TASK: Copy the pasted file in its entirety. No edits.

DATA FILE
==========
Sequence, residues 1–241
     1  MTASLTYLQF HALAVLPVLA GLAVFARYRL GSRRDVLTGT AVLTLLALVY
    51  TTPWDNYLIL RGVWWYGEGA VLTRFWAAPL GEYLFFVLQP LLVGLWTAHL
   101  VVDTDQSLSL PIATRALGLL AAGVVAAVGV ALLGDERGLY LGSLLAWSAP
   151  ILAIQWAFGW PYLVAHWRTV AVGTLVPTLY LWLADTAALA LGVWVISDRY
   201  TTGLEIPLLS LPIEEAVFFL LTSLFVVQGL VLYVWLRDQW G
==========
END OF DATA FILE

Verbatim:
Sequence, residues 1–241
     1  MTASLTYLQF HALAVLPVLA GLAVFARYRL GSRRDVLTGT AVLTLLALVY
    51  TTPWDNYLIL RGVWWYGEGA VLTRFWAAPL GEYLFFVLQP LLVGLWTAHL
   101  VVDTDQSLSL PIATRALGLL AAGVVAAVGV ALLGDERGLY LGSLLAWSAP
   151  ILAIQWAFGW PYLVAHWRTV AVGTLVPTLY LWLADTAALA LGVWVISDRY
   201  TTGLEIPLLS LPIEEAVFFL LTSLFVVQGL VLYVWLRDQW G